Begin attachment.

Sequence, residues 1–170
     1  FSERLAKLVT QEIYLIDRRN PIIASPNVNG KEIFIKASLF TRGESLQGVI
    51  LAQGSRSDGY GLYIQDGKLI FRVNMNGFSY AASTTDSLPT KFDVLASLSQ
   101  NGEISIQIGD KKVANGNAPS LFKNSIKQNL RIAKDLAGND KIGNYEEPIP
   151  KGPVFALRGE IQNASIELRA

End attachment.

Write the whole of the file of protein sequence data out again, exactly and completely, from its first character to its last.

Sequence, residues 1–170
     1  FSERLAKLVT QEIYLIDRRN PIIASPNVNG KEIFIKASLF TRGESLQGVI
    51  LAQGSRSDGY GLYIQDGKLI FRVNMNGFSY AASTTDSLPT KFDVLASLSQ
   101  NGEISIQIGD KKVANGNAPS LFKNSIKQNL RIAKDLAGND KIGNYEEPIP
   151  KGPVFALRGE IQNASIELRA